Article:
Obama Wins Re-Election
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President Barack Obama wins re-election as president of the United States
Obama wins re-election: Make History Again, Nation’s demographic shifts propel president to decisive wins in key battleground states Richard S. Dunham Updated 12:03 a.m., Wednesday, November 7, 2012
President Barack Obama, with his daughter Malia wave toward the crowd at his election night party Wednesday, Nov. 7, 2012, in Chicago. President Obama defeated Republican challenger former Massachusetts Gov. Mitt Romney. (AP Photo/Charles Rex Arbogast)
Photo: Charles Rex Arbogast, Associated Press / SF
A demographic tidal wave became a Democratic tidal wave as President Obama won a tight but decisive re-election victory Tuesday with the help of record-breaking support from Hispanic voters, massive turnout from African Americans and continuing enthusiasm from young Americans.
Although Republican nominee Mitt Romney won a larger share of the white vote than any presidential candidate since Ronald Reagan scored a landslide re-election victory in 1984, the former Massachusetts governor ended up a loser at the polls because of the racial, ethnic and generational changes that have altered the U.S. electoral landscape.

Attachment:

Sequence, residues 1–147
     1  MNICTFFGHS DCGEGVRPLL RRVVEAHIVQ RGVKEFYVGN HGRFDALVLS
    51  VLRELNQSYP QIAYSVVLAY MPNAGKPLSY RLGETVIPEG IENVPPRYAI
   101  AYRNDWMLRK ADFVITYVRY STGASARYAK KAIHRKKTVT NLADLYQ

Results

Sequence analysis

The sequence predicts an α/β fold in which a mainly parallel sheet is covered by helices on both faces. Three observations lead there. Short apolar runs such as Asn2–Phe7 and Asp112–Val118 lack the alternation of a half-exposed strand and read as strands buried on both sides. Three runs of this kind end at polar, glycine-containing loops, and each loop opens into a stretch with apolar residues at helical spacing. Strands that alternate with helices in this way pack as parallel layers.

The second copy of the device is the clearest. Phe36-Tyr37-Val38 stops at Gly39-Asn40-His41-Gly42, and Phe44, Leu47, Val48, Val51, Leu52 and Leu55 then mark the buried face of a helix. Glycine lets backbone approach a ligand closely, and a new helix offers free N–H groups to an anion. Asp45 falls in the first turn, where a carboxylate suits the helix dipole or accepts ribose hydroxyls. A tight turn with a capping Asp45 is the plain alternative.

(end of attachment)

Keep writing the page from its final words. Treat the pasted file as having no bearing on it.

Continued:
The portion of nonwhite voters in the electorate has tripled over the last four decades to 27 percent on Tuesday. The Democratic incumbent led among African Americans by 93 percent to 7 percent – the best performance by a Democrat since Lyndon Johnson in 1964.
Heavy African American turnout in Philadelphia, Detroit, Cleveland, Cincinnati and Miami changed the dynamic in four battleground states. In key swing states, Romney received just 1 percent of the African American vote in Florida and 3 percent in Ohio and Virginia.
Meanwhile, Latino voters, energized by tough Republican rhetoric on immigration, voted Democratic by 69 percent to 30 percent, tipping the balance of power in a string of states including Nevada, New Mexico and Iowa.
“Gov. Romney’s shift to the right on the issue of immigration during the GOP primary season made it impossible for him to equal the number of Latino votes that George W. Bush received in 2000 and 2004,” said Aaron Kall, director of debate at the University of Michigan. “Efforts by numerous states to curtail early voting and require photo identification seem to have motivated these groups to record turnout numbers.”
In addition to minority voters, Obama’s majority-making coalition included young voters, highly educated citizens and women.
For the first time in American history, Latinos made up 10 percent of the electorate, up from 9 percent in 2008. The overwhelming Hispanic support – and strong turnout – helped Obama win New Mexico and Iowa, and kept the race close in states such as Florida, Colorado and Virginia.